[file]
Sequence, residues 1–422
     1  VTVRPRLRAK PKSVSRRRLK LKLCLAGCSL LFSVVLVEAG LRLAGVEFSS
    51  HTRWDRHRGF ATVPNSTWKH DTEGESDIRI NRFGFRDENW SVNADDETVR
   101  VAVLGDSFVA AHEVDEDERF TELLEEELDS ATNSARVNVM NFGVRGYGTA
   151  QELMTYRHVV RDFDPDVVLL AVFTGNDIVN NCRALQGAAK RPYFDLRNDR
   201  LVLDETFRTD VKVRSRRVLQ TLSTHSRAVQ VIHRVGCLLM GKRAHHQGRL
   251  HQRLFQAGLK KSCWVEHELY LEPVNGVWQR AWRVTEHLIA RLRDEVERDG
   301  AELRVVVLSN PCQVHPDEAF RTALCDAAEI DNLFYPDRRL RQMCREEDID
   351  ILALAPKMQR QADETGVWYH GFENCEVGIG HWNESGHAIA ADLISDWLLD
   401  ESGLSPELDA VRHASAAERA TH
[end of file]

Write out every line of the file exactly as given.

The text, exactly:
Sequence, residues 1–422
     1  VTVRPRLRAK PKSVSRRRLK LKLCLAGCSL LFSVVLVEAG LRLAGVEFSS
    51  HTRWDRHRGF ATVPNSTWKH DTEGESDIRI NRFGFRDENW SVNADDETVR
   101  VAVLGDSFVA AHEVDEDERF TELLEEELDS ATNSARVNVM NFGVRGYGTA
   151  QELMTYRHVV RDFDPDVVLL AVFTGNDIVN NCRALQGAAK RPYFDLRNDR
   201  LVLDETFRTD VKVRSRRVLQ TLSTHSRAVQ VIHRVGCLLM GKRAHHQGRL
   251  HQRLFQAGLK KSCWVEHELY LEPVNGVWQR AWRVTEHLIA RLRDEVERDG
   301  AELRVVVLSN PCQVHPDEAF RTALCDAAEI DNLFYPDRRL RQMCREEDID
   351  ILALAPKMQR QADETGVWYH GFENCEVGIG HWNESGHAIA ADLISDWLLD
   401  ESGLSPELDA VRHASAAERA TH